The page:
Vessel wall imaging (VWI) is being increasingly used as a non-invasive diagnostic method to evaluate the intra- and extracranial vascular bed. Whereas conventional vascular imaging primarily assesses the vessel lumen, VWI changes the focus of analysis toward the vessel wall. As the technical challenges of high spatial resolution, signal-to-noise ratio, and contrast-to-noise ratio and long scans times are addressed, interest in the clinical applications of this technique has steadily increased over the years. In this review, the authors will discuss the various applications of VWI as well as principles of interpretation and common imaging findings, focusing on intracranial atherosclerosis, vascular dissection, vasculitides (such as primary angiitis of the central nervous system (PACNS) and neurosarcoidosis), vasculopathies (such as reversible cerebral vasoconstriction syndrome (RCVS), cocaine-induced vasculopathy, moyamoya disease, and radiation-induced arteriopathy), aneurysms, and post-thrombectomy changes. The authors will also discuss the potential pitfalls of VWI and helpful cues to avoid being tricked.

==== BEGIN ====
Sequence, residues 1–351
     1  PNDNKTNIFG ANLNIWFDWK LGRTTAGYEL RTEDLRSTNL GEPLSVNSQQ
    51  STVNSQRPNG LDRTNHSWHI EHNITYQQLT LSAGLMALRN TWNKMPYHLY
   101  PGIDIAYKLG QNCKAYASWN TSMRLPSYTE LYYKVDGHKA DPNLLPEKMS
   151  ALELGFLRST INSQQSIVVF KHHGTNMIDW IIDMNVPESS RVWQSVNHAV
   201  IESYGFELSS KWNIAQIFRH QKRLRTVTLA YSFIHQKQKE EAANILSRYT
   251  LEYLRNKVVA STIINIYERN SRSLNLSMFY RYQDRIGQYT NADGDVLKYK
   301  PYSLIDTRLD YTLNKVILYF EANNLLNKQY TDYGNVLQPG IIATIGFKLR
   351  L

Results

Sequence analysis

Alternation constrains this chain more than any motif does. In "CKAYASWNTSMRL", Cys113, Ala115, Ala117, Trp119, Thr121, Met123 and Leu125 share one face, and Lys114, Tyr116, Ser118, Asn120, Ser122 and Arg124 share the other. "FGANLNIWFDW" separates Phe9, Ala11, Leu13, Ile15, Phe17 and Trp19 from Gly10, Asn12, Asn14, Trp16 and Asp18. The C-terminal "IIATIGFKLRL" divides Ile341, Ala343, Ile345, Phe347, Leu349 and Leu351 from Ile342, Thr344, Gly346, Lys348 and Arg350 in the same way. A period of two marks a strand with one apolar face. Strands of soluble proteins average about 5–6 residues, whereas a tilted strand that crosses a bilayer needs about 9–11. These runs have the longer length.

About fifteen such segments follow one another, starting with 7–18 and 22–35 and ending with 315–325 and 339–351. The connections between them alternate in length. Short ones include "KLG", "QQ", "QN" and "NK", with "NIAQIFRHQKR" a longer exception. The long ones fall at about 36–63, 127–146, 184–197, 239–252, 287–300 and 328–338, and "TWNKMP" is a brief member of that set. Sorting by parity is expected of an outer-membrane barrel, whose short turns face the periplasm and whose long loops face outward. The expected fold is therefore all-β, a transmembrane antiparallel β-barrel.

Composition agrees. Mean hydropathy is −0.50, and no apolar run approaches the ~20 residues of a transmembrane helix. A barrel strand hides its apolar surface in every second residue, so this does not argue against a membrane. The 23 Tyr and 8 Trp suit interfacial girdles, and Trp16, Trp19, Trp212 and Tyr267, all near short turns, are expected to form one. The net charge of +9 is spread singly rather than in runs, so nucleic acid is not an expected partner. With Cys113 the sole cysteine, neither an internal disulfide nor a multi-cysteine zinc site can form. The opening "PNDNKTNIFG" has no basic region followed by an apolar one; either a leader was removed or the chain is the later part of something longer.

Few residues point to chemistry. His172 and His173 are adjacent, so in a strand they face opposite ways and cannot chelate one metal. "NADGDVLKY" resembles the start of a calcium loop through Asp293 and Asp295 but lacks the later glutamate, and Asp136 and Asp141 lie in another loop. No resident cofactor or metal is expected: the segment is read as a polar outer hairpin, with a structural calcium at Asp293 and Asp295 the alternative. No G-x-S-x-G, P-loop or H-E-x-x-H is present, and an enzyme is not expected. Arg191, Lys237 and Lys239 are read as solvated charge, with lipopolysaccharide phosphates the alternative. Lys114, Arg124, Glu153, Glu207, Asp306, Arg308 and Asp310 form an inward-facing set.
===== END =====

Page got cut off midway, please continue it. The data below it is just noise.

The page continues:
ASJC Scopus subject areas
- Radiology Nuclear Medicine and imaging